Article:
Felix Böck figured out how to start a successful business that makes attractive, sustainable products out of waste. Specifically, used chopsticks. "Most disposable chopsticks are made from bamboo that is harvested, treated, dried and shaped in China," Böck's company, ChopValue, writes. "These chopsticks then get shipped approximately 8,000 kms to be used once."
Böck's background is unusual: Hailing from a small town in southern Germany, he dropped out of book-learning school in 9th grade and earned a Master of Carpentry certification in Germany's rigorous craft education system. Unusually for a trained furniture builder in Germany, he subsequently racked up a Bachelors in Engineering specializing in wood science, becoming the first member of his family to gain a college degree. After working as a research engineer, he was recruited by the University of British Columbia to do a PhD in structural bamboo, in a research collaboration between UBC, MIT and the University of Cambridge.
In his new home of Vancouver, Canada, he had his sights set on reducing waste in the construction industry. But he wasn't gaining much traction, and one night a fateful dining choice altered his career:
The concept came to Felix over a sushi dinner with his partner, where he shared his frustration about the amount of construction waste generated in the city: over 600,000 tonnes a year - an amount that wasn't imaginable for the everyday consumer. There wasn't enough interest for his project proposal to use material from demolition and construction sites in the wood industry. He had to find a better way to communicate, in an easily digestible format, what a devastating impact this waste has on the environment, regardless of who was listening.
His partner (and now our co-founder) looked down at the disposable chopsticks in her hands, and asked, "Why not start with something more tangible?". Felix, who learned English from watching the TV show How I Met Your Mother, responded without hesitation: "Challenge accepted".
That's the genesis story behind ChopValue, the company Böck subsequently founded. By collecting used chopsticks from Vancouver's many Asian restaurants (they were collecting 350,000 chopsticks a week, prior to the COVID-19 outbreak) they get their raw materials for free. (And "In return, the restaurant's waste disposal costs are reduced, all while supporting an environmentally friendly cause," the company writes.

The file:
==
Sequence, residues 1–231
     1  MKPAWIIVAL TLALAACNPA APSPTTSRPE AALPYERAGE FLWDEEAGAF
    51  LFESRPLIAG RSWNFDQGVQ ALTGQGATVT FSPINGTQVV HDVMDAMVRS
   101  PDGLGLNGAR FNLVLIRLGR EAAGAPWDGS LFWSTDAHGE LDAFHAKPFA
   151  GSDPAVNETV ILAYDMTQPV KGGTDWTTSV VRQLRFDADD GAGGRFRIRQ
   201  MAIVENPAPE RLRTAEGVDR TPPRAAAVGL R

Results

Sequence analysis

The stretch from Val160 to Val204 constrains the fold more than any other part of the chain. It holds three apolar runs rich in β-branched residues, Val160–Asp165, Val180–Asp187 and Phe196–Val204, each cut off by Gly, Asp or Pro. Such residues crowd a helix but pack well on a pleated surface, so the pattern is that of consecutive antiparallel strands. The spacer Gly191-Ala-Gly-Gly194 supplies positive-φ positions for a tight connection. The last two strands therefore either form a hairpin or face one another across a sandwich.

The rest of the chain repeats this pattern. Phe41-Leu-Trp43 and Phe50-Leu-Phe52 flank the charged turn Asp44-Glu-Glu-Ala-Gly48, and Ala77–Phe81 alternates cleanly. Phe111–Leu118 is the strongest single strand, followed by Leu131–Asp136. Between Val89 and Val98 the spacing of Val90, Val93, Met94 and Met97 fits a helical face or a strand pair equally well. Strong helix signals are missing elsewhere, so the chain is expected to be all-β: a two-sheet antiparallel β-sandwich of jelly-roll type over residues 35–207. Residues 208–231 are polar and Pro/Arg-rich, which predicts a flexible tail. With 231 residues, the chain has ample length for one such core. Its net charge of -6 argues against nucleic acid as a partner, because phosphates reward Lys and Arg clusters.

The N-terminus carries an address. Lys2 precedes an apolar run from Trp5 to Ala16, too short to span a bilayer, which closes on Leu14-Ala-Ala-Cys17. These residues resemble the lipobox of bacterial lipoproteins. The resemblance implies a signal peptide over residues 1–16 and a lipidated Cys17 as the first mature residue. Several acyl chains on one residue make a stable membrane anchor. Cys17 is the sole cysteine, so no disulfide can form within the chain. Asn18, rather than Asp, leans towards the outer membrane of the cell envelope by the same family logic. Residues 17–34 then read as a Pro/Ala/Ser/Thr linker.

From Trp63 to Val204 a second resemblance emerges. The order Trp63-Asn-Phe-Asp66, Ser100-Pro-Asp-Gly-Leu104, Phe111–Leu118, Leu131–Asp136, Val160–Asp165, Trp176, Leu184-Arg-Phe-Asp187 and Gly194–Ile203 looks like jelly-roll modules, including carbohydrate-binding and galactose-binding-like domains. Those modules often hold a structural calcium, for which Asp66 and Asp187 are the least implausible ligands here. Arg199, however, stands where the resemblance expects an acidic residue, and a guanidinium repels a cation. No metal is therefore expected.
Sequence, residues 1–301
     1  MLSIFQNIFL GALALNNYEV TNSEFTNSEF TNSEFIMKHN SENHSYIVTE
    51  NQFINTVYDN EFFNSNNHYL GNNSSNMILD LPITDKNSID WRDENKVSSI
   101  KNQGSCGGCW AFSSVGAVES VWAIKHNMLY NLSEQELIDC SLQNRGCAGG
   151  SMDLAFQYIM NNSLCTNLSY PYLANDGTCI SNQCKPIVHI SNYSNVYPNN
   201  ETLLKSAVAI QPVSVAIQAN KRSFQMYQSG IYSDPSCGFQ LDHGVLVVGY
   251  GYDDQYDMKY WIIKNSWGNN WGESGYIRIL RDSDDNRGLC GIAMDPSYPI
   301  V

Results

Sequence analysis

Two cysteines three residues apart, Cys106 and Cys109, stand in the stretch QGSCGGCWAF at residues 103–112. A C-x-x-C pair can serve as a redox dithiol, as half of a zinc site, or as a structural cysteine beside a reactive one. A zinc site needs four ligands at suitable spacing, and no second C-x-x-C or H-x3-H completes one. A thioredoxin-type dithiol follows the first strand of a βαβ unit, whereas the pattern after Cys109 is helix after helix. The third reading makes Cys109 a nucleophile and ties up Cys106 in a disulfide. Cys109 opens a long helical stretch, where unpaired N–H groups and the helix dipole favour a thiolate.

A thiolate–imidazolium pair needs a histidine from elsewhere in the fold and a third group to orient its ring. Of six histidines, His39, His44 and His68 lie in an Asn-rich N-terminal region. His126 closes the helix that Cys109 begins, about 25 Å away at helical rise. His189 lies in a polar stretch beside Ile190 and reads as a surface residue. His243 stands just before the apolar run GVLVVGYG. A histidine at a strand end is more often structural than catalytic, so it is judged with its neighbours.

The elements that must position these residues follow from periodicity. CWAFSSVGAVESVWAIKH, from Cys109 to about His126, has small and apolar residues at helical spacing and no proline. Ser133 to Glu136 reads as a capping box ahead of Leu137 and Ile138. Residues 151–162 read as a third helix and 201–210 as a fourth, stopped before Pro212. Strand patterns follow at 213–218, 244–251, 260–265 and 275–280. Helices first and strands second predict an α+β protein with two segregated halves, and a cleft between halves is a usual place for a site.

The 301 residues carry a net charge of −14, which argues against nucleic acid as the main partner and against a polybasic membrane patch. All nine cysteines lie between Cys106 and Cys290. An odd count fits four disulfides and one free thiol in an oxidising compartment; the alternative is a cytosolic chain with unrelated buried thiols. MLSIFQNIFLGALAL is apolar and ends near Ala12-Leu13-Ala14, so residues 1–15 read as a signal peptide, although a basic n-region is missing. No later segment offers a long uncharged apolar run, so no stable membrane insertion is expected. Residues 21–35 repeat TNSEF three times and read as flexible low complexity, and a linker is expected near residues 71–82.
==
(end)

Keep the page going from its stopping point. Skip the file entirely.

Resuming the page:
By pressing those chopsticks together and laminating them with non-toxic, urea- and formaldehyde-free water-based acrylic resin using a process developed by Böck, a process that also sanitizes the stuff, they gain a good-as-new material that can be machined in the manner of wood. It's largely bamboo, as that's what 95% of disposable chopsticks are made from.
Their resultant product line contains coasters, cutting boards, serving boards, side tables, desks and wall décor.
Additionally, they can and do fabricate custom furniture: "A community table created for Little Kitchen Academy diverted 33,436 disposable chopsticks from the landfill," Inhabitat writes. "Another big project saw the creation of wall paneling, restaurant tables and entrance flooring for Little Bird Dim Sum that utilized more than 330,000 disposable chopsticks. According to the company, its efforts have recycled more than 25 million chopsticks to date."
ChopValue's system is green, and better than composting the chopsticks. "Composting [would] emit the embodied energy of manufacturing and transport as well as CO2 of the chopsticks back into the air," the company writes. "Given that bamboo is a fast growing grass, it is actually one of the best materials to use for carbon sequestration. But to sequester carbon we need to extend the life as long as possible.
"Using recycled materials is just as good as creating products out of virgin materials, but with a better result for the environment."
ChopValue's system was also immediately profitable. "The most surprising thing," Böck told BC Business in 2018, when they were doing $1 million in annual revenue, "is that we are cash-flow-positive after year one." By 2019, ChopValue outgrew their facility and had to move to a bigger one in Vancouver; that same year, they added a manufacturing facility in Montreal.
Unlike your average wild-eyed design entrepreneur, Böck has carefully considered how to spread the business model around, and has set up opportunities to franchise your own ChopValue "microfactory" in your area. For those looking to invest, the options range from pop-up to turn-key self-sufficient operation.
I know the COVID-19 situation currently has the economy on lockdown, but I'm really hoping that once things return to normal, ChopValue will continue to thrive--and that it will inspire other design entrepreneurs to create similar ventures out of waste.